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Can dogs get warts?

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Can dogs get warts?
  • So Odie has this small wart thing on his head (near where his ear connects to his scalp). I decided to file part of it down since it was flaking off but it grew back. It doesn't hurt him and he lets me touch it but he is always rubbing his head on the ground so I know it has to be a little bothersome.
     
    Should I call the vet? Is this something that I can treat on my own? Thanks in advance!
  • I wouldn't call them warts necessarily, but skin tags. My husky has had several in her life time. The only one that I had removed was one that she started biting at. Now that she's 14, I've noticed a lot more. I'm just leaving them alone as they don't seem to bother her (the vet found one and said the same thing)
  • The problem is if it's bothering the dog and the dog is rubbing at it, it WILL grow and grow bigger.  I'd ask the vet to remove it, before it morphs into something 'bad' (they can).  Do anything at the same time that you can -- like have his teeth cleaned, etc.  My vet will do a local and freeze something like that usually. 
  • My two previous cockers, who lived to 15 and nearly 17 had them, more so as they got older.  As long as they didn't change in size or texture, or weren't in a place that was easily irritated, my vet didn't remove them.  If my guys developed a growth on their faces or around their eyes, they were generally removed immediately.  I always closely monitored them for any changes or irritation, then off to the doctor we would go for further examination.
  • Yes, to add to the currently popularly posted note, dogs do frequently get "warts" or skin tags. If they get large, or change in size or are on the site of a recent innoculation get them checked out quickly as well as if they are on a spot that rubs (such as between the toes). Most vets are using laser to remove them now quickly and fairly painlessly as it also cauterizes the area and minimizes the chance of excessive bleeding (depending on the location).  Good luck!

  • After taking my 1 year old dog Bella to see vet COPV was diagnosed. COPV is Canine Oral Papilloma Virus (aka Warts). An article was published (Turkey 2008) about the use of Azithromycin in dogs with the Papilloma virus. Azithromycin is not an antiviral drug and COPV is a virus so I was hesitant in using it to treat COPV, but after reading the study it seems that the drug may attack a bacterial infection that causes the virus to run rampant or it may actually have an effect on COPV. I decided to get a prescription filled and take that course. The dosage was as follows:- 5mg per pound in a suspension (suspension is water based formula the vet can explain this to you)- Bella is 3lbs so her dosage was 15mg per day orally using a syringe plunger (without the needle)I gave her the Azithromycin every morning at around 9am with food. The study I read indicated they gave the dogs 10 days of medicine but I extended the run to 14 days because the virus hit her hard as a smaller dog. As you can see by the pictures by the 10th day I saw possible improvement and by the 12th day the Papillomas inside her mouth were gone and the larger one outside her mouth crusted up and I gave them a little tug and they ripped off. It was like pulling a loose tooth. It didn’t seem painful to Bella. Pictures can be found here:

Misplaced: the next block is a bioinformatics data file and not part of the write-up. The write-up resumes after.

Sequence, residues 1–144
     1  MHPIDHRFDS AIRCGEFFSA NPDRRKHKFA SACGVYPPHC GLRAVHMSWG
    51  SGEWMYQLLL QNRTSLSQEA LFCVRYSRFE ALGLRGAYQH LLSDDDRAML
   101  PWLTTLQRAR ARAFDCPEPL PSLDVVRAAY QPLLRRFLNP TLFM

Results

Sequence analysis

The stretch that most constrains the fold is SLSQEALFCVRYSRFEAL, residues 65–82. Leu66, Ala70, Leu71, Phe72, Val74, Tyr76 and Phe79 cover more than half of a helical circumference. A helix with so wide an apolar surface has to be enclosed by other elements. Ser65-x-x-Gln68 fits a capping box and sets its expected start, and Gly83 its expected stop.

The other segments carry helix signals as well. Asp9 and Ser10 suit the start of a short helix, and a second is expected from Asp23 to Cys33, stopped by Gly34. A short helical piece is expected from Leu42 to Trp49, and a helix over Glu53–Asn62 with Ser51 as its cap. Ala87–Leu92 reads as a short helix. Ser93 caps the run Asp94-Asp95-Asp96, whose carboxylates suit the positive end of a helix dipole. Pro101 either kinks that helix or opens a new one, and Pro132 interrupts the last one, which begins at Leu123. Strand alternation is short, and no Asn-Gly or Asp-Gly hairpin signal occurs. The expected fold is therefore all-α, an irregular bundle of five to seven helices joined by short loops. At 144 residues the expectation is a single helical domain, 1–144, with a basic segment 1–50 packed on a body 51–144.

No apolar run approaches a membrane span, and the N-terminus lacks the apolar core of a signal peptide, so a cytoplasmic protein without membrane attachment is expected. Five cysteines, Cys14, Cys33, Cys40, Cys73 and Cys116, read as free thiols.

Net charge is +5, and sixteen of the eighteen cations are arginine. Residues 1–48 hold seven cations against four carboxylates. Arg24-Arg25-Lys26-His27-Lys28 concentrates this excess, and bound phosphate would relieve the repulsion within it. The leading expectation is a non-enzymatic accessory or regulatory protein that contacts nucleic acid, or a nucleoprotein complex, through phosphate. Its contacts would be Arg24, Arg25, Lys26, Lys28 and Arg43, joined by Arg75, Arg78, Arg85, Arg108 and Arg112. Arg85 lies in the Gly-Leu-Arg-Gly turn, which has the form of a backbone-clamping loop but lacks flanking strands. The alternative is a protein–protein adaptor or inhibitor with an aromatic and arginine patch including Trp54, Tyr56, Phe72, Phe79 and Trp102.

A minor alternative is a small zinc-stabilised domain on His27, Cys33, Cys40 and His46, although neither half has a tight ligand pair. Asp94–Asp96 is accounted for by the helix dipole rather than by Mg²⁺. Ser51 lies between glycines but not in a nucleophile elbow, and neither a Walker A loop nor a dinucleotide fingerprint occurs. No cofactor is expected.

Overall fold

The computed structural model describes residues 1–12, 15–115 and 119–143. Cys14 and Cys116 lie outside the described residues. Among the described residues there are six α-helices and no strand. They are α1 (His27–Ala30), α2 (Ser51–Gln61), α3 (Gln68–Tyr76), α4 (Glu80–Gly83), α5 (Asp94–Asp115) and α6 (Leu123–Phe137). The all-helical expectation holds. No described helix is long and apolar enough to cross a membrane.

http://adihed.com/bella.htmlI wrote this article because a lot of people are dealing with this issue of COPV for months with their dogs and this is a great way to heal your dog quickly. I actually had my vet pull the study that I based this treatment so I could read it and ALL the dogs were cured within 15 days as Bella was. They also did the study using 17 breeds of dog so a wide spectrum was cured. The ones that were not on Azithromycin still had Papillomas after 2-3 months of follow up. As far as I can tell there is no reason not to use Azithromycin to cure your dog. I have read articles about the drug doing harm to livers but in this short term I don’t see that being an issue. I also read that it does a little havoc to the stomach. Bella being a 3lb dog did fine. On day 4 I noticed she didn’t want to eat in the morning but that could have been for other reasons. So she was not affected negatively by the drug. I also gave it to her in the morning so she would eat and drink right after to rid herself of the taste of the drug and digest it as well. I also got her daily Vitamins to take along with the drug every morning for the 14 days and I extended the run to 30 days. I did this to give a little boost to her immune system. The Vitamins were Pet Naturals Daily Best Soft Chews Dog Vitamins from PETCO.I hope this article helps anybody out there who is dealing with COPV. I did my research and I am glad I found the study that cured my dog and I wanted to share it with anyone out there is search of answers. Don’t bother with the holistic stuff they are peddling on the internet. Just talk to your vet and get a prescription filled so you can have a healthy happy dog! If you have any questions feel free to email me at adihed@hotmail.com.